Forecasts of high temperatures on either side of 90 in many regions and even greater in the South, Midcontinent and parts of the West revived the spot market by generally small amounts Thursday. A tropical wave was still too close to West Africa to be a factor, but the previous day’s 4.8-cent futures drop had essentially no impact as a negative guide for cash prices.

A few points that fell from 2-3 cents to nearly a dime were the exception to overall numbers ranging from flat to about 65 cents higher. However, the spike at the Florida citygate, where Florida Gas Transmission extended an Overage Alert Day and tightened its imbalance tolerance (see Transportation Notes), was an aberration; other increases topped out around 20 cents.

Most of the largest gains occurred in the West, where Rocky Mountain highs were forecast to be in the 90s Friday, while inland California would be around the century mark and some desert Southwest locations such as Phoenix were due to continue sizzling in mid-110s peak temperatures. Also, Kern River said its linepack was dropping further below minimum target levels.

Meanwhile, despite expected small pullbacks in mercury readings at some locations in the South, most of that region can anticipate highs from the low to high 90s extending as far east as Texas and Oklahoma. The Midwest and Northeast will also be feeling the heat a bit as peak temperatures range from the mid 80s to mid 90s.

The Energy Information Administration’s report of a 78 Bcf addition to storage during the week ending July 9 wasn’t far below consensus expectations in the low 80s Bcf, but Nymex traders took it as bullish news and ran with it all the way to a 28-cent spike in the August prompt-month futures contract (see related story). That, combined with the predictions of continuing hot weather, portend likely increases in most if not all of the weekend cash market.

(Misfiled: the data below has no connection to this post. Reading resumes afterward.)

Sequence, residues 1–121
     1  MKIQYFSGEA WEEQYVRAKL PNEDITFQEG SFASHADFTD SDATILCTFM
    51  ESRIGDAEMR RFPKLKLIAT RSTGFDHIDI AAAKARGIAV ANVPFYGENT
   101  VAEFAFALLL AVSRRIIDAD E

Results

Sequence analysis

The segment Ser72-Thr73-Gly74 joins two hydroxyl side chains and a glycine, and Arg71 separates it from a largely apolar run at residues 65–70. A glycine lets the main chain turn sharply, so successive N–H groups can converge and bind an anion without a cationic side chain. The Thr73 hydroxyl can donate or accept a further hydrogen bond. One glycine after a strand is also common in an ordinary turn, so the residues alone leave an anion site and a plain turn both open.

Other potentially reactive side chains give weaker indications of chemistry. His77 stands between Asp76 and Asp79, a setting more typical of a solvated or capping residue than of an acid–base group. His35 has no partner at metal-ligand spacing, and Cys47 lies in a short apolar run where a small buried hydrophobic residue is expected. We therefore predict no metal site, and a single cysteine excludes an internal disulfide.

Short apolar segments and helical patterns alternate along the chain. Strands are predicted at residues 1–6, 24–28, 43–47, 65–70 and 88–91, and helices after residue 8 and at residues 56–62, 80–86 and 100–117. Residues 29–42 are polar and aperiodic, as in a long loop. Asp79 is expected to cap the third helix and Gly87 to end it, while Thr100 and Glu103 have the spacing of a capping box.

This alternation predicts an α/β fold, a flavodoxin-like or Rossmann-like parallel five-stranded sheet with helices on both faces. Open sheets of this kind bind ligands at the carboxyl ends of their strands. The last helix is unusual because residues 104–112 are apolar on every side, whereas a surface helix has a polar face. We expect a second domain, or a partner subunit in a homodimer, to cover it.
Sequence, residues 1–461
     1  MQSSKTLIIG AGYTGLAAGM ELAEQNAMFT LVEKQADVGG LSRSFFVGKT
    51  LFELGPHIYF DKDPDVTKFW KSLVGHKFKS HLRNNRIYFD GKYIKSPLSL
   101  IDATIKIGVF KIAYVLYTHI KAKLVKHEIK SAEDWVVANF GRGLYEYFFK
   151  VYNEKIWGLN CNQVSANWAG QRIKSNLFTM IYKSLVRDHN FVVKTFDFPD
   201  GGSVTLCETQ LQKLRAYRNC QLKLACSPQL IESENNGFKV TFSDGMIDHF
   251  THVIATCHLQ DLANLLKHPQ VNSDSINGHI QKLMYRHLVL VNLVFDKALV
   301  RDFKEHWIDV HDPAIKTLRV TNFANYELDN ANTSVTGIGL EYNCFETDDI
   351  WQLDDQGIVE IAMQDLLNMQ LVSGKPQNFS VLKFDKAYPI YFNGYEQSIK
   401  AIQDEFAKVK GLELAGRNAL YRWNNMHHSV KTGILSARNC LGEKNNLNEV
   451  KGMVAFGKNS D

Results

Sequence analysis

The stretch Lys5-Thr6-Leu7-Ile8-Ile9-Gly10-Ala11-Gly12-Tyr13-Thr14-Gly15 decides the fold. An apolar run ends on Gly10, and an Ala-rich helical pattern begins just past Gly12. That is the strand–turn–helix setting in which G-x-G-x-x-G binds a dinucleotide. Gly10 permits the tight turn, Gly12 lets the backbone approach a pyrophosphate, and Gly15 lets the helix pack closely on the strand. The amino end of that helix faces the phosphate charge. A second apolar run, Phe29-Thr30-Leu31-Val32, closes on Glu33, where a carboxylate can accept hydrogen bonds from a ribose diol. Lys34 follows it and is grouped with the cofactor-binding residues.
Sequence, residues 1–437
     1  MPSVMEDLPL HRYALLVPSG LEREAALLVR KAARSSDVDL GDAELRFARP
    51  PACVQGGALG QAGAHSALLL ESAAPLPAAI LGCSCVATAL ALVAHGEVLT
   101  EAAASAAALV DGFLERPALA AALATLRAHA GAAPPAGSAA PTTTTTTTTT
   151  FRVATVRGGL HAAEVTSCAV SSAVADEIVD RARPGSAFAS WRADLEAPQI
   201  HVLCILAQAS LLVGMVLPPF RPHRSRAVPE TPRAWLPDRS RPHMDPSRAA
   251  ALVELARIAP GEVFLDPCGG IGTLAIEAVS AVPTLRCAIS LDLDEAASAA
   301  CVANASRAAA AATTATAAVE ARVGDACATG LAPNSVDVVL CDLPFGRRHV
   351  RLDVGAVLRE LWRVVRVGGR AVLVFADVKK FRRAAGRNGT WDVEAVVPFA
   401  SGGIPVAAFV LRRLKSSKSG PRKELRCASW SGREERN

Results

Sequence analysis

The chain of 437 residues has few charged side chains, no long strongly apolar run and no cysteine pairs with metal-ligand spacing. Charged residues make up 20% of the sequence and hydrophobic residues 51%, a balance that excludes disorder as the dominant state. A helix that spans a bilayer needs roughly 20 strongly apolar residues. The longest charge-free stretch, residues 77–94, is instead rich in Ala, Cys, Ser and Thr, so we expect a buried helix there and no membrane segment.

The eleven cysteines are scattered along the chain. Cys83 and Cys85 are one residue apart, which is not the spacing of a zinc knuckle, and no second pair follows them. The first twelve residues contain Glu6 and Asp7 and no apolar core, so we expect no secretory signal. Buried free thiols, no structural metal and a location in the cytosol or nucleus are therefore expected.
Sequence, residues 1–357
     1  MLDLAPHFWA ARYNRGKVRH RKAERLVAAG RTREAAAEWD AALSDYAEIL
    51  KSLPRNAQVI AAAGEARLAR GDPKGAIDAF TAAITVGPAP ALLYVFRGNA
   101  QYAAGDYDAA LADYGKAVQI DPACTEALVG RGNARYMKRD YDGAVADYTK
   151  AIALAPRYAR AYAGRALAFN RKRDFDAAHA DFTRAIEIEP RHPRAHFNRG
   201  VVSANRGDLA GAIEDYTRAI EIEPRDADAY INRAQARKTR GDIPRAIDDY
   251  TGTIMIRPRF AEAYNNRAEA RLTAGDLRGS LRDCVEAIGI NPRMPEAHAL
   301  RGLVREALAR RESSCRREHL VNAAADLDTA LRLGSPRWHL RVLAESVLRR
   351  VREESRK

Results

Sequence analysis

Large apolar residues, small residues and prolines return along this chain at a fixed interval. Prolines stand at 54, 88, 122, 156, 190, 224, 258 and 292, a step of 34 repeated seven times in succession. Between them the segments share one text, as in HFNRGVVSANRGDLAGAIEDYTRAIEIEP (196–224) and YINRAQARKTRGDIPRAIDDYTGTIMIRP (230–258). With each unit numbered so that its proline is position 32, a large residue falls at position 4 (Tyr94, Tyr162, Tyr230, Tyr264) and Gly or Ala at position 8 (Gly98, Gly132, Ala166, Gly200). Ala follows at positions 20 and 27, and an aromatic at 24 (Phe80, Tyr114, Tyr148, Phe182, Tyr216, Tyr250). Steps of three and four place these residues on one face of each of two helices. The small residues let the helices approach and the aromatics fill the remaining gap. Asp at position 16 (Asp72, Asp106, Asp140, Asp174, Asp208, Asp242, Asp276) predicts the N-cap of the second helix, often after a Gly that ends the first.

As a reminder about predictions of a very active 2010 Atlantic hurricane season, a large tropical wave about 400 miles west of the Cape Verde Islands was moving westward at 20-25 mph Thursday, the National Hurricane Center (NHC) said. The system had only limited shower activity, the agency said, but environmental conditions were expected to gradually become more conducive for slow development. However, as of Thursday afternoon NHC was giving the wave only a low (10%) chance of becoming a tropical cyclone in the next 48 hours.

The rising heat levels aren’t very good for storage injection spreads, a Midwest marketer said, but they do help promote price volatility, which his company appreciates. It is getting more demand from power generators late this week as cooling load increases, he said, adding that he was hearing that high temperatures in the Midwest may last through most of the rest of July.

Saying the storage report didn’t seem all that bullish to him, the marketer speculated that short-covering may have played a part in the subsequent big futures run-up. He said the eastern Atlantic’s tropical wave was still much too remote to arouse any trader discussion yet.

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